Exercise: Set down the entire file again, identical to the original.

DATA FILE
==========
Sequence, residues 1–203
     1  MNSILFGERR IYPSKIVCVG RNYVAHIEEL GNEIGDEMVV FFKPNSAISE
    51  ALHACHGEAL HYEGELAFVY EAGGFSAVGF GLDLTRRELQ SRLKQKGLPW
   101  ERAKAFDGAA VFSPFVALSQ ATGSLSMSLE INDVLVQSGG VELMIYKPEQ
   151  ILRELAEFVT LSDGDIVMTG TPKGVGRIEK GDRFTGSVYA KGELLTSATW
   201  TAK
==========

Sequence, residues 1–203
     1  MNSILFGERR IYPSKIVCVG RNYVAHIEEL GNEIGDEMVV FFKPNSAISE
    51  ALHACHGEAL HYEGELAFVY EAGGFSAVGF GLDLTRRELQ SRLKQKGLPW
   101  ERAKAFDGAA VFSPFVALSQ ATGSLSMSLE INDVLVQSGG VELMIYKPEQ
   151  ILRELAEFVT LSDGDIVMTG TPKGVGRIEK GDRFTGSVYA KGELLTSATW
   201  TAK